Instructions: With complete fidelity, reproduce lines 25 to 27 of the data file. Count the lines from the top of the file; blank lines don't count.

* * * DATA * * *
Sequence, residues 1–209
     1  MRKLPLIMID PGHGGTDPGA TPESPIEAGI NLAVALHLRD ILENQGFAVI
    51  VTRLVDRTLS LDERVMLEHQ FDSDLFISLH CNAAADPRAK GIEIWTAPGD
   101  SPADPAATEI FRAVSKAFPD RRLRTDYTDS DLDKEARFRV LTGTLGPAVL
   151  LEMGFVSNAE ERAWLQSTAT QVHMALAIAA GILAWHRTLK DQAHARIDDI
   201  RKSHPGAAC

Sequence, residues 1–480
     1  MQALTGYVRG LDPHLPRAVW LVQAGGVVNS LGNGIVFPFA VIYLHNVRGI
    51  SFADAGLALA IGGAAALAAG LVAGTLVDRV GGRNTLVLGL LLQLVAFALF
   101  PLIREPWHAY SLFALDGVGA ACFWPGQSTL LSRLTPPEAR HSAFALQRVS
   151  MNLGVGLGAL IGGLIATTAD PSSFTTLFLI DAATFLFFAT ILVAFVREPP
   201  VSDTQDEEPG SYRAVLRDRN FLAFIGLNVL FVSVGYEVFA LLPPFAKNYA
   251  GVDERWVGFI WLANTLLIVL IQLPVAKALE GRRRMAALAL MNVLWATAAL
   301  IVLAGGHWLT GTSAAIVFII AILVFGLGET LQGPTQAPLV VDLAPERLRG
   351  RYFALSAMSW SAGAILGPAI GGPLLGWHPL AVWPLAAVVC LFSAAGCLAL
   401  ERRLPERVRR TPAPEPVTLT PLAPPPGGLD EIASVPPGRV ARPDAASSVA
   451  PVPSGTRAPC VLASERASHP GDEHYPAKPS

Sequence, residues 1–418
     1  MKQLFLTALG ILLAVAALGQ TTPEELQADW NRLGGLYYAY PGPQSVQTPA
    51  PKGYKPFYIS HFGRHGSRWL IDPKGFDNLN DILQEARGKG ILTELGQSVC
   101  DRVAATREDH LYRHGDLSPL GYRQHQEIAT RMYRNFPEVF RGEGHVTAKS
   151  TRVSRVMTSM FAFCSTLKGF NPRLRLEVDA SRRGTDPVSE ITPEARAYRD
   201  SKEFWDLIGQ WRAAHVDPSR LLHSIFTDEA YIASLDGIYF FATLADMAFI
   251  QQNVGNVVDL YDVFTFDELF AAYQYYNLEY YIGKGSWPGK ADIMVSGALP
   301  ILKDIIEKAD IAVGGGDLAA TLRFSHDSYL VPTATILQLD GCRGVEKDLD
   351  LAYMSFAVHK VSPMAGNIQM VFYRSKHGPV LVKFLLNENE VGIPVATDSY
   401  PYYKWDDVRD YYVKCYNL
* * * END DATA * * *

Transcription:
   301  ILKDIIEKAD IAVGGGDLAA TLRFSHDSYL VPTATILQLD GCRGVEKDLD
   351  LAYMSFAVHK VSPMAGNIQM VFYRSKHGPV LVKFLLNENE VGIPVATDSY
   401  PYYKWDDVRD YYVKCYNL